Across 27 nations surveyed by Pew Research Center in 2018, people were more dissatisfied than satisfied with the way democracy is working in their country. This held especially true in a dozen countries where negative views of democracy outpaced positive by more than 10 percentage points.
As of the end of 2017, 57% of 167 countries with populations of at least 500,000 were democracies of some kind, and only 13% were autocracies.
Many South Africans are dissatisfied with the state of their democracy. Confidence in some civic institutions declined from 1990 to 2013.
Dissatisfaction with democracy is correlated with views on economic conditions, whether key democratic norms are being respected and other issues.
Across 27 countries, more people are unhappy with the state of democracy in their countries than satisfied. Discontent with democracy is tied to concerns about the economy, individual rights and out-of-touch elites.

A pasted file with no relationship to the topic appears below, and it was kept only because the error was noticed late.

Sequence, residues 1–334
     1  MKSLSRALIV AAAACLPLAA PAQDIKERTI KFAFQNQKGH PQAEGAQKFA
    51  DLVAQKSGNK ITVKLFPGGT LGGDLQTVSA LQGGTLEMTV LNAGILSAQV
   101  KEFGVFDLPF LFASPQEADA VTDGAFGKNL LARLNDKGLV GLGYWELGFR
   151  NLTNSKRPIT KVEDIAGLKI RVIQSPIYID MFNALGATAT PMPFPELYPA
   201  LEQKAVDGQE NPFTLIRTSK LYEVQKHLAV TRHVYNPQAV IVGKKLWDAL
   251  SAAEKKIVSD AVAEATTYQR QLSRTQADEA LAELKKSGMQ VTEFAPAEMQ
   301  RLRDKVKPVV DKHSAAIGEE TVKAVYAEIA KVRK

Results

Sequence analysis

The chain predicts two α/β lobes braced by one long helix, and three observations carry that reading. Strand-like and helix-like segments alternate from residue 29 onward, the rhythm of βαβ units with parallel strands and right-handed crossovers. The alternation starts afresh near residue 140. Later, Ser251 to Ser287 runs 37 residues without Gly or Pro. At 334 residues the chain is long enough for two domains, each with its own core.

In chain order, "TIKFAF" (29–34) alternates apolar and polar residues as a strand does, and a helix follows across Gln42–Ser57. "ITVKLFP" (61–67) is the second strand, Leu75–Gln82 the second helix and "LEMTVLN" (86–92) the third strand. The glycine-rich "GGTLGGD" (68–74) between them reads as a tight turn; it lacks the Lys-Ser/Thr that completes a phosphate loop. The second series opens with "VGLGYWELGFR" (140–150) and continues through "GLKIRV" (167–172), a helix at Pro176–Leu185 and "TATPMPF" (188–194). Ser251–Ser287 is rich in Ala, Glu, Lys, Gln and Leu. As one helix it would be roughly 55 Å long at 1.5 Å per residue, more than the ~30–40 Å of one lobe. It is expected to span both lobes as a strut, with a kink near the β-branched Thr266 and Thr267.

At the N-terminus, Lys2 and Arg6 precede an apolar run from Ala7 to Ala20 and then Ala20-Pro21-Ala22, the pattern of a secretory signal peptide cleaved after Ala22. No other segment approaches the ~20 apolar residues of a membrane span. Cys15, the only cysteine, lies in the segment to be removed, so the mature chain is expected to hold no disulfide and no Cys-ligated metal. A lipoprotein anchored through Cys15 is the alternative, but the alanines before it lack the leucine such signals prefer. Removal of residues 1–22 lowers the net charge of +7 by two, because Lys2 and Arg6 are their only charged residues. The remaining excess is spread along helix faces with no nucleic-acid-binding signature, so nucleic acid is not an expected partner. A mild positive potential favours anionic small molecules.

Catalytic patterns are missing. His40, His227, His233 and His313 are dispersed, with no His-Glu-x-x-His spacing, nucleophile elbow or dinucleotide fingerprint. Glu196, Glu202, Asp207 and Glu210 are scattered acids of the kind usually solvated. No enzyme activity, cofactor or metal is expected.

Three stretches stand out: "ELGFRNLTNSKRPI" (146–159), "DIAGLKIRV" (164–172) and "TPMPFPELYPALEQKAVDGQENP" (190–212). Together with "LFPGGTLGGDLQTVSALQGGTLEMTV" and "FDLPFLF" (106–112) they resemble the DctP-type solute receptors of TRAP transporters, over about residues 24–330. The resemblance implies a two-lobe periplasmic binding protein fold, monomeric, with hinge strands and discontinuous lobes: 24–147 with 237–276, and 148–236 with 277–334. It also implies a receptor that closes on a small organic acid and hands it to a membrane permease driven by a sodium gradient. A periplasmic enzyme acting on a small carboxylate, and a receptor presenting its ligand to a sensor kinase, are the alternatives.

Many Indonesians are satisfied with the state of their democracy, and more describe the country’s current and future economic situation as good.
Many Indians are satisfied with how democracy is working in India. But most see politicians as corrupt and question the efficacy of elections.
Many Europeans say the European Union promotes peace, and most think it promotes democratic values and prosperity. But they also tend to see it as inefficient, intrusive and out of touch with citizens' needs.
Pew Research Center takes the pulse of Americans and people around the world on many issues every year. Read 18 of this year’s standout findings.
Many Americans support the idea of several election policies, including same-day and automatic voter registration. This election, voters in many states weighed in on specific ballot measures.